How to Be Mediocre and Be Happy With Yourself
But in general, the deal is you give up high standards and in return you get flexibility and an overall easier, more laidback life.
Dr. Manos said the ever-changing environment of TikTok doesn’t require sustained attention. “If kids’ brains become accustomed to constant changes, the brain finds it difficult to adapt to a nondigital activity where things don’t move quite as fast,” he said.
Social scientists have identified at least three major forces that collectively bind together successful democracies: social capital (extensive social networks with high levels of trust), strong institutions, and shared stories. Social media has weakened all three. To see how, we must understand how social media changed over time—and especially in the several years following 2009
The high point of techno-democratic optimism was arguably 2011, a year that began with the Arab Spring and ended with the global Occupy movement. That is also when Google Translate became available on virtually all smartphones, so you could say that 2011 was the year that humanity rebuilt the Tower of Babel. We were closer than we had ever been to being “one people,” and we had effectively overcome the curse of division by language. For techno-democratic optimists, it seemed to be only the beginning of what humanity could do.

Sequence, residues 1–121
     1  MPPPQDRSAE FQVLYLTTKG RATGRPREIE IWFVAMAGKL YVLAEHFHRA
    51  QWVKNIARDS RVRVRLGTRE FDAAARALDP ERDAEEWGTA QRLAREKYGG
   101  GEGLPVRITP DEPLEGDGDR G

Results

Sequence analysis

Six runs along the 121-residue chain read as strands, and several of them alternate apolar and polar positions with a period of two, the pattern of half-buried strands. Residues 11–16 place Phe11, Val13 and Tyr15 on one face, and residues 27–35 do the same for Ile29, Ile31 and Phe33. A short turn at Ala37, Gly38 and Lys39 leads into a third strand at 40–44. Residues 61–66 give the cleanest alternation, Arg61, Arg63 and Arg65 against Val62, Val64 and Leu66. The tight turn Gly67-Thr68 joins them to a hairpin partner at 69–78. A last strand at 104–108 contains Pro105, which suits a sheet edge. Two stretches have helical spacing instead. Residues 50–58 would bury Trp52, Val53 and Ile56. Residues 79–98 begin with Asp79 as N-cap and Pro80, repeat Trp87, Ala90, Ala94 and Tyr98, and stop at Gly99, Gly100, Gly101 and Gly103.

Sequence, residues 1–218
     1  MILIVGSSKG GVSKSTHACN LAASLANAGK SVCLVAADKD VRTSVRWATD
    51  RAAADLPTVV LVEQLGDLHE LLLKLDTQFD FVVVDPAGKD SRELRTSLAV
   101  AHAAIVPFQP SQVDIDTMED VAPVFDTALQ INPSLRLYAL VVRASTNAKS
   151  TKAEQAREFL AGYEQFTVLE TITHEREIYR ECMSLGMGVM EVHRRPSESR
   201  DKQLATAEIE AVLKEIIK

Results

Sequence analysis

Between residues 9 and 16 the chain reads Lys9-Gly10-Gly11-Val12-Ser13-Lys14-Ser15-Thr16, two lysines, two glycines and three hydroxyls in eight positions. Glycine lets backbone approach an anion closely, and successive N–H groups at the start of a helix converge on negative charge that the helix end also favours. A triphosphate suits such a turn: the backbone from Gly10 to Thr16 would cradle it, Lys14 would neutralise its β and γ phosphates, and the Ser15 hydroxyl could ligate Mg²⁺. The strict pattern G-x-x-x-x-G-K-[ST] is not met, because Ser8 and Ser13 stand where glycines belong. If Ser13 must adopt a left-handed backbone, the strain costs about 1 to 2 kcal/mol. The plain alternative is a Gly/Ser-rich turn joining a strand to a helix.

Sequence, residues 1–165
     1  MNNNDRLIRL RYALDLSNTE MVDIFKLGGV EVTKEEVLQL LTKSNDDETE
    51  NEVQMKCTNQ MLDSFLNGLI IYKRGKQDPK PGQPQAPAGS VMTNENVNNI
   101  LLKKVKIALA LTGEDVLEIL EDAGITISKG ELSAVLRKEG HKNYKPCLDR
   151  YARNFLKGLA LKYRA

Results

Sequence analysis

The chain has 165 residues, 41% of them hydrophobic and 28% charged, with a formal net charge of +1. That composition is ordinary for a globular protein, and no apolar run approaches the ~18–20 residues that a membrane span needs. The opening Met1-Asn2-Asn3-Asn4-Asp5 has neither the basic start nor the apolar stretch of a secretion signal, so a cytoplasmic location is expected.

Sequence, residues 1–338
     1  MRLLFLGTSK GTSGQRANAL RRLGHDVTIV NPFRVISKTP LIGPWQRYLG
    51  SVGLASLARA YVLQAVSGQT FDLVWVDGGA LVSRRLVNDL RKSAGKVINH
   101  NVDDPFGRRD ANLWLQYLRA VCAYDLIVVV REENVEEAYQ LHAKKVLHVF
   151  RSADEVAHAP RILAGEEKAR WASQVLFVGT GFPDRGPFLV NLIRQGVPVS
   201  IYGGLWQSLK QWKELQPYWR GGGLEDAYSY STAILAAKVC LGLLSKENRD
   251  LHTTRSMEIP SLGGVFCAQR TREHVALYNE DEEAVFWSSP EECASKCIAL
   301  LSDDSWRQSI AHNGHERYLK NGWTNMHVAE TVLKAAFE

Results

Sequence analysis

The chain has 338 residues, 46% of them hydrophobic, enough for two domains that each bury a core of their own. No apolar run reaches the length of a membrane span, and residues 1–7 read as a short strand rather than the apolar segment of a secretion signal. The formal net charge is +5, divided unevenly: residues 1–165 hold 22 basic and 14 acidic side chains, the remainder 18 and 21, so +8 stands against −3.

Research tells us that we’re happier if we prioritize having time more than things, giving more than getting, and appreciating what we have more than trying to get what we don’t.
Dumbphones are continuing to enjoy a revival. Google searches for them jumped by 89% between 2018 and 2021, according to a report by software firm SEMrush.
And while sales figures are hard to come by, one report said that global purchases of dumbphones were due to hit one billion units last year, up from 400 million in 2019. This compares to worldwide sales of 1.4 billion smart phones last year, following a 12.5% decline in 2020.
The importance of increasing macro-level productivity remained, but the way we pursued these increases changed. Instead of continuing to focus on optimizing systems, the knowledge sector, for various complicated reasons, began to shift onto the individual worker the burden of improving output produced per unit of input. Productivity, for the first time in modern economic history, became personal.